... while a bool in the mooth,
micht catch us a keek at oor ile.
Gsw. 1990 John and Willy Maley From the Calton to Catalonia 6:
This Captain wae the bool in his mouth shouts "Fix bayonets!"

2. A bowler's bowl, a “wood.” Gen.Sc.Sc. 1721 Ramsay Poems 346:
Nor dousser Fowk wysing a Jee The byass bouls on Tamson's Green.
Edb. 1900 E. H. Strain Elmslie's Drag-Net 6:
A game at the bools, noo, or curlin' in the Winter time, or even the racecoorse itsel', would set you far better.

Phrases: (1) the bools row smooth, the boolie rows fine, all goes well; (2) to row a smooth bool, to make matters run smoothly.(1) Sc. 1801 H. MacNeill Poems II. 92:
She soon confessed The bowls row'd right amang the hether.
Sc. 1823 Scott Letters (Cent. Ed.) VIII. 24:
Until I should see, according to our Scotch phrase, how bowls are to run this season.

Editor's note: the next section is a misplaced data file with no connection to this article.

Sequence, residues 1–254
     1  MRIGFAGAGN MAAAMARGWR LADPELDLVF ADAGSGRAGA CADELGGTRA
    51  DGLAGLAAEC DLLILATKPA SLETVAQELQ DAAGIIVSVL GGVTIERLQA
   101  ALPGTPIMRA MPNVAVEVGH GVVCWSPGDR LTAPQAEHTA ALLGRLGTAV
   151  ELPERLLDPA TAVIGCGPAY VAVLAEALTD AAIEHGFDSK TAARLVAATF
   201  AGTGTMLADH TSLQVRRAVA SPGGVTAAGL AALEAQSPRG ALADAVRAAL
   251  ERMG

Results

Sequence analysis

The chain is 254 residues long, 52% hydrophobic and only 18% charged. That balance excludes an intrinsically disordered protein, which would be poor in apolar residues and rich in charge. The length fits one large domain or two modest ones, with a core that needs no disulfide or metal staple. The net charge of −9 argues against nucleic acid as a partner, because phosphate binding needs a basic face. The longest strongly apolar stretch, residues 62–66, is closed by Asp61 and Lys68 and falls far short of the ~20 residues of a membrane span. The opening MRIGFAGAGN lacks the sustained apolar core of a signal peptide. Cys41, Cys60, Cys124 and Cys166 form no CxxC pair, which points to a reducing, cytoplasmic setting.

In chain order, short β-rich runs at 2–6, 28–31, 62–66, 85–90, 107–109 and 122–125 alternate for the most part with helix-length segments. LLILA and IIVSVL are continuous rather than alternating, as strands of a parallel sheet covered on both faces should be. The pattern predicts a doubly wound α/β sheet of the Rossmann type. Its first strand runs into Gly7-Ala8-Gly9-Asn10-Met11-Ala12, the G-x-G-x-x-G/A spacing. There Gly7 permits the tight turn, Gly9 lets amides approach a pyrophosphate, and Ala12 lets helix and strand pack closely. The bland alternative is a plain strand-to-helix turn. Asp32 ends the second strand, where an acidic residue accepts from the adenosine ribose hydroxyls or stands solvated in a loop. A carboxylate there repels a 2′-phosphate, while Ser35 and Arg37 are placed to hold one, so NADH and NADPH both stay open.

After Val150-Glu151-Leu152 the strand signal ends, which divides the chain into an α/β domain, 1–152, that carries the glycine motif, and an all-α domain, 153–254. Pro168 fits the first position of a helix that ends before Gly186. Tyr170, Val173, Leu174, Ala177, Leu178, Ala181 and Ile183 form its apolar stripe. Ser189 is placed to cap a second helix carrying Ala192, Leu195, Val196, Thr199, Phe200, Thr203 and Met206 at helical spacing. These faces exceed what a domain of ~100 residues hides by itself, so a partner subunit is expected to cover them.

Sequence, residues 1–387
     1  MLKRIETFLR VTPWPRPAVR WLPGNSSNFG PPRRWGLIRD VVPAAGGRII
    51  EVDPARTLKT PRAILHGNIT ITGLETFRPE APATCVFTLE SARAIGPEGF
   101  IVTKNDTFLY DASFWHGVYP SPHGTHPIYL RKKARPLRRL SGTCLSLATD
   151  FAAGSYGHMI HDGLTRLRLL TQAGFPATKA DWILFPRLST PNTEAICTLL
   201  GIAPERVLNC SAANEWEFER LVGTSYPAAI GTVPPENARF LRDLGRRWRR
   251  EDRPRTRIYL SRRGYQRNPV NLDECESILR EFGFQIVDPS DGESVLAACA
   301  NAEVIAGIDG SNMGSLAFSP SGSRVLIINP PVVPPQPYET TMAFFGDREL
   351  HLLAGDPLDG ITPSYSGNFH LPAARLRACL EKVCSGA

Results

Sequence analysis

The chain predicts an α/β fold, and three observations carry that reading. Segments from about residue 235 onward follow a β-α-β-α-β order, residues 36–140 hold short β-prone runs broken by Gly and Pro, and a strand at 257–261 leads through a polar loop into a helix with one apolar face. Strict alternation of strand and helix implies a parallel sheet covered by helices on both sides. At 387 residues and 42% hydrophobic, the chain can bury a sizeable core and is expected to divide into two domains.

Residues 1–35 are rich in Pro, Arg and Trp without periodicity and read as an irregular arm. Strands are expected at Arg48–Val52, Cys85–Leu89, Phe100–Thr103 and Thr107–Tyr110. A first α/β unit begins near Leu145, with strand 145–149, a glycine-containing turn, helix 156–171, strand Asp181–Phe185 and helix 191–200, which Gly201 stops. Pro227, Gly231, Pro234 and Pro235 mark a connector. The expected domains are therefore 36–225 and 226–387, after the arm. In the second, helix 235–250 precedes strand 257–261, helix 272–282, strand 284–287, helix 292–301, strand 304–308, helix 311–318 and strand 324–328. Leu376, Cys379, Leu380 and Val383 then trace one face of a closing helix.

Abd.(D) 1909 C. Murray Hamewith 24:
Twa sizzens wi' the cairt an' then — his boolie rowed sae fine — He took a roadside shoppie.
Fif. 1887 “S. Tytler” Logie Town I. xii.:
But bools are not rowing ower smooth between the auld man and the young.
(2) Edb. 1894 P. H. Hunter J. Inwick ii.:
“See here, Jims,” he says to me — “ye're a gey pawkie chiel; there's no' mony can row a smoother bool than yoursel. We'll lippen to you.” Attrib. with maill (rent, hire).
Sc. 1701 Acc. Bk. Sir J. Foulis (8 April):
For boull maill at ye potteraw . 0: 3: 6

3. Extended to mean the game. Also in pl.Ork. 1923 D. Horne Kirkwall Games in Ork. Antiq. Socy. 67:
Boys . . . were great on marbles. There were several games, and these were indulged in, as far as I remember, during the spring months. “Boaley” was a favourite of mine.
Abd. 1996 Sheena Blackhall Wittgenstein's Web 7:
Bit there wis naebody tae play boolies wi.
Edb. 1991 Dae Ye Mind ...? Volume Three of Stories and Memories from Members of St. Ann's Reminiscence Group 32:
I had been playing booley when the tuppence wrapped in a bit paper completed its journey from two storeys up, on the back of my skull. The impact coincided with me nickeling my "glessie" and it popped right into the hole. I had won two coloured "glessies"! Yobba-dooby-doo! Oh, my flamin' head!
Edb. 1993:
When I was wee only laddies played at bools.